September 20th, 2017
Have you been thinking about getting an oral piercing lately? It could seem enticing because they look trendy or cool, but it’s worth know the health risks associated with oral piercing. Even if you already have one, you may learn a few things you didn’t know.
The human mouth contains millions of bacteria. Even without piercings, it’s not uncommon for people to develop an infection every once in a while. By adding an oral piercing, you increase your likelihood of getting an infection.
Many people who have piercings tend to develop the habit of touching them regularly, which is the like opening a door and yelling, “Welcome home, infections!” And because these piercings are in your mouth, particles of all the food that comes through can accumulate and eventually cause a pretty serious health situation.
It’s hard to ignore the presence of an oral piercing, so biting or playing with the site is fairly common. Doing so can lead to teeth fractures, however. While a fracture might be on the enamel of a tooth and require a simple filling, it can also go deeper, which could entail a root canal or even tooth extraction.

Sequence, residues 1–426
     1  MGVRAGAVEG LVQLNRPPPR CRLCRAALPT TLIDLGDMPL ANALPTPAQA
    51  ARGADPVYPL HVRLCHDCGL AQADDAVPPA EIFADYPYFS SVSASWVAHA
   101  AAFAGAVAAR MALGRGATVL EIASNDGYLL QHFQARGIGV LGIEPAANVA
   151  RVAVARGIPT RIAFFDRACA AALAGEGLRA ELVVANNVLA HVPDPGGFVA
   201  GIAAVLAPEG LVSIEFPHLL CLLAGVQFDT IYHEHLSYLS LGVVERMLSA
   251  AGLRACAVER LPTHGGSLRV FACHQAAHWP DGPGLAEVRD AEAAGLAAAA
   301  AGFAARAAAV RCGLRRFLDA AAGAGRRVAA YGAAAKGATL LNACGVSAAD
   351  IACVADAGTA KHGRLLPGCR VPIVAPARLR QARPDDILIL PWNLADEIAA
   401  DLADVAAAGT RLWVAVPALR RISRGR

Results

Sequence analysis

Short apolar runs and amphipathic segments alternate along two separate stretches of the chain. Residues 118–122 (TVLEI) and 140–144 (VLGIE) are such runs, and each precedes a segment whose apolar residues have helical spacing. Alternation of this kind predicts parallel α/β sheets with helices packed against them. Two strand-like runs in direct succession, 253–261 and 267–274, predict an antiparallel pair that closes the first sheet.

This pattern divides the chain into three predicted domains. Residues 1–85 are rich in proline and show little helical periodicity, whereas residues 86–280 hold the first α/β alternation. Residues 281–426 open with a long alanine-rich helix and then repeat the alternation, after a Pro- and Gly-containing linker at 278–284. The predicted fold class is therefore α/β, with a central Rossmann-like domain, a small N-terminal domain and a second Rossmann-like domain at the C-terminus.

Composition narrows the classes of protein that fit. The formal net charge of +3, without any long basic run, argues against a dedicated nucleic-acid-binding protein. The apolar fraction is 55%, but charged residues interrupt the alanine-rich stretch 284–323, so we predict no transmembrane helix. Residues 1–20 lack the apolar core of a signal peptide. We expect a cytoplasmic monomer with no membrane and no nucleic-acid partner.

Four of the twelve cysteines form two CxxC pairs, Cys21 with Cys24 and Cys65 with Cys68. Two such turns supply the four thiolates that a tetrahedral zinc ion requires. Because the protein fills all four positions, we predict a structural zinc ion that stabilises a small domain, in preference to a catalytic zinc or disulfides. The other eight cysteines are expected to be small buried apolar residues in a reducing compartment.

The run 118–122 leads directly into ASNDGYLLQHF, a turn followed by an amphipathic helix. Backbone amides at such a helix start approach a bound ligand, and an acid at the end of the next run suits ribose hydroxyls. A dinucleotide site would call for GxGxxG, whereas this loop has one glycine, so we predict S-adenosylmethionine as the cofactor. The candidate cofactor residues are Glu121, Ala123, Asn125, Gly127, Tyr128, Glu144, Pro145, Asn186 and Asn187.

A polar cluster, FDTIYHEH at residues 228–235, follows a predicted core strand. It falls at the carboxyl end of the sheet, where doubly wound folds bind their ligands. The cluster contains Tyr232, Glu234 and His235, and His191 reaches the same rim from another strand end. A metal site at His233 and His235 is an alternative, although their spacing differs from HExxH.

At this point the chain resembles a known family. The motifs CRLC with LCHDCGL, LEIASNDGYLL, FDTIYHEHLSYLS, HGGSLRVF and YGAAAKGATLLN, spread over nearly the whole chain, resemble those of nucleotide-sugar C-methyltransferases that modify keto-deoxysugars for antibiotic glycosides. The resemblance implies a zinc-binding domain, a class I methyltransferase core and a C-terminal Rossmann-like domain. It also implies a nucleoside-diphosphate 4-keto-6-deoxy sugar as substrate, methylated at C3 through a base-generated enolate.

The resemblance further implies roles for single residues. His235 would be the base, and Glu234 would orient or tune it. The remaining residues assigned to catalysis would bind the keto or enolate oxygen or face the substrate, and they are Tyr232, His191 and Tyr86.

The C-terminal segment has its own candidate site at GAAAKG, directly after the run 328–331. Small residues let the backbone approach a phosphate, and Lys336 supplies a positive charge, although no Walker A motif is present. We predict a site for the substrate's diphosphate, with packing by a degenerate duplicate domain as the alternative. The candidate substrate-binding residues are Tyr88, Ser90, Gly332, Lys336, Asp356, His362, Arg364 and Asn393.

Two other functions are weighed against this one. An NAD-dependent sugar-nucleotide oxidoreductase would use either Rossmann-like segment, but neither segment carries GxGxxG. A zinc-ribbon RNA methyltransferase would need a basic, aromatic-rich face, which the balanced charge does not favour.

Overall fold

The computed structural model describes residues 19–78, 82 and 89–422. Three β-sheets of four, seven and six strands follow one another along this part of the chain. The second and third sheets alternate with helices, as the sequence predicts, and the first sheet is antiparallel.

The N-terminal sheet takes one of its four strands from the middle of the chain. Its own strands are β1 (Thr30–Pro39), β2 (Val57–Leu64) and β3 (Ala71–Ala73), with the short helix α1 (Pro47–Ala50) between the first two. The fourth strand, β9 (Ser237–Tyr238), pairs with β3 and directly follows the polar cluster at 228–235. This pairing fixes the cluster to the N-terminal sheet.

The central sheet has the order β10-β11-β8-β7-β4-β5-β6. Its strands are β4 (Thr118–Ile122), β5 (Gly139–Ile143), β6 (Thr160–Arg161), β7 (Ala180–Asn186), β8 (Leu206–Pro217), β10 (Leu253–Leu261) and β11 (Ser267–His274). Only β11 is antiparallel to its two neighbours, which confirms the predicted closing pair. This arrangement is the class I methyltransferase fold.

Other risks include hindering your ability to talk and eat, nerve damage, gum damage, and even loss of taste.
If you’re still determined to get an oral piercing, at least be aware of the time it will take to heal. It can take anywhere from four to six weeks, and can cause great discomfort during that time. Be willing to give it that time in order to lower your chances of infection.
Make sure you understand that getting an oral piercing will involve adding further responsibility to your daily dental health duties. It’s essential that you commit to regular upkeep on your end, and not just while it’s healing.
September 13th, 2017
We all remember hearing this: “Finish your milk, it’s good for your bones!” If you have kids of your own now, you may catch yourself repeating many of the things you were told growing up.
Though parents occasionally exaggerate to get their kids to do certain things (such as eat veggies or behave), they’re spot-on about milk. Consuming enough dairy every day is crucial for growing children, because this can set them up to have strong and healthy teeth for the rest of their lives.